Author Archives: John Donaghy

The Epiphany – Eliot and Ferlinghetti

The feast of the Epiphany fills many people with wonder. There are these wise men from afar, a star in the sky, a babe in a manger, and extravagant gifts of gold, frankincense, and myrrh (whatever that is).

Though we know nothing about their number, their race, or their names, the mythic story unfolds. They arrive on camels. There are three of them, though the Gospel doesn’t mention a number. They are of three different race and bear the names Gaspar, Melchior, and Balthasar.

dscn5409

But, seemingly indifferent to the message of a savage king, Herod, and the tales of his household priests, they find themselves amazed at seeing a star. But, when they enter the house, there is nothing amazing there – just a mother and child. Yet they fall down and worship.

It’s a story that arouses our wonder, that amazes us.

As I was preparing my homily today, I came across two poems that, in very different ways, plumb the depths of this day.

T. S. Eliot’s “Journey of the Magi: is a classic. It’s worth your while to listen to the poem being read by T. S. Eliot himself or Sir Alec Guinness. The text is here.

Eliot speaks in the voice of one of the Magi, years later, recalling the journey. After recalling the hassles, he notes, in an almost nonchalant way:

…and so we continued,
And arrived at evening, not a moment too soon,
Finding the place; it was (you may say) satisfactory.

Not splendid, not overwhelming, but “satisfactory.”

But then Eliot reflects that this birth was “like Death, our death.” For this birth changes something in us and makes us uneasy with our old gods, our old ways. And so, “I should be glad of another death.”

The second poem comes from an unlikely author, Lawrence Ferlinghetti. “Christ climbed down,” which you can read here has five stanzas that have Christ coming down, “from his bare tree,” and running away from the trappings of Christmas, especially the tinsel trees, the Santa Clauses, the department store nativity scenes, and the winter wonderland caroling. But the last stanza opens up to us where Christ might come down:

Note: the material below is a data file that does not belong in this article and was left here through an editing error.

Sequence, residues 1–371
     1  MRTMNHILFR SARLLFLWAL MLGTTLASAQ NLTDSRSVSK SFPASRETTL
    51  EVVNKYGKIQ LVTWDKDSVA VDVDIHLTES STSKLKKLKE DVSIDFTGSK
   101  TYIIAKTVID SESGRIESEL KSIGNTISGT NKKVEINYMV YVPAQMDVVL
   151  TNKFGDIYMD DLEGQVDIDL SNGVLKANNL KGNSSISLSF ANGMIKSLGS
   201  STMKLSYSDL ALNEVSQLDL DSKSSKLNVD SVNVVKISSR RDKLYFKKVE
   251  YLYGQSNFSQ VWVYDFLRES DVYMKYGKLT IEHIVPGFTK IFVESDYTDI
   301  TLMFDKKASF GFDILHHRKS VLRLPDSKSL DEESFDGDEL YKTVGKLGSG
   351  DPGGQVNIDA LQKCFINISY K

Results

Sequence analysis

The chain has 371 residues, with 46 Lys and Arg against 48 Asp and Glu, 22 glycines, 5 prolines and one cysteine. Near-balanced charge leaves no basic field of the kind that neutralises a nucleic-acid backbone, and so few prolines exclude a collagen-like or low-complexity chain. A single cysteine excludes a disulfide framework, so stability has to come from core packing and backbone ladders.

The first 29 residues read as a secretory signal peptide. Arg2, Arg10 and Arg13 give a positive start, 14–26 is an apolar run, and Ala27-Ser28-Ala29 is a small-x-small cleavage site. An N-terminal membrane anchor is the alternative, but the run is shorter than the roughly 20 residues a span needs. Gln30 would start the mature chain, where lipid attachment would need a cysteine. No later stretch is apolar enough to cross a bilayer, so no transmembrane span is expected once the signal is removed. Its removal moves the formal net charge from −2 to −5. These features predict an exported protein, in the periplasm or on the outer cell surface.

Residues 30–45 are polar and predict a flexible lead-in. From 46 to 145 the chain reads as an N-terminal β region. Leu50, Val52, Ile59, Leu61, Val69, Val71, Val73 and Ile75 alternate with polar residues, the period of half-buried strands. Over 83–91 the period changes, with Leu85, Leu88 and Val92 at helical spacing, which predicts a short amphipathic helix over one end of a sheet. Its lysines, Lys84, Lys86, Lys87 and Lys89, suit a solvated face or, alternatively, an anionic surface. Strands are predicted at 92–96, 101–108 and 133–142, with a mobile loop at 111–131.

Christ climbed down
from His bare Tree
this year
and softly stole away into
some anonymous Mary’s womb again
where in the darkest night
of everybody’s anonymous soul
He awaits again
an unimaginable
and impossibly
Immaculate Reconception
the very craziest
of Second Comings

Christ comes in anonymity, as he did to the Magi, so that we can reconceive the coming of Christ – in our souls.

And so I recall the words of the Dominican mystic, Meister Eckhart:

“What good is it for me if Mary gave birth to the Son of God 1400 years ago and I don’t give birth to God’s son in my person and my culture and my times?”

A missing verse in the Christmas lectionary

The first reading from Isaiah for the Christmas midnight Mass (9:1-6) has consoled me for many years. It includes this promise of the end of repression and war against the people:

For the yoke that burdened them,
the pole on their shoulder,
and the rod of their taskmaster
you have smashed…
For every boot that tramped in battle,
every cloak rolled in blood,
will be burned as fuel for flames.

I especially remember one year, perhaps it was in 1989 after the massacre of the Jesuits at the Central American University. As I heard these words, I began to cry, thinking of the many deaths wreaked on the people of El Salvador (and many other lands) by an oppressive military, funded by the United States.

As I prepared this morning to preach at Mass tonight in Dulce Nombre, I read the lectionary in English and in Spanish. I plan to read the first reading and the Gospel in several different translations in English and Spanish (and look at the Gospel in Greek) to try to capture the details.

I am rather upset, though, to find that the fourth verse of the reading from Isaiah is omitted in the Spanish lectionary and that people in Latin America may not hear the verse that prophesies the destruction of military boots and bloody cloaks.

The verses may refer to not taking booty in a holy war, but I hear them more as a promise that violence and war do not have the final word.

In a continent ravished by violence, in a country with a high index of murder, I want to hear this promise. I want to share this promise that the newborn Prince of Peace brings. I want to say to those who have seen their neighbors slain – by gangs in the big cities, in vengeance killings throughout the countryside, by government and death squads – that God’s vision is different, that God is Peace, who comes as a poor baby, born in a manger, visited by shepherds, outcasts of their time.

Maybe I’ll just have to include this verse in my homily – announcing the Prince of Peace.

plowshar

Bearing Jesus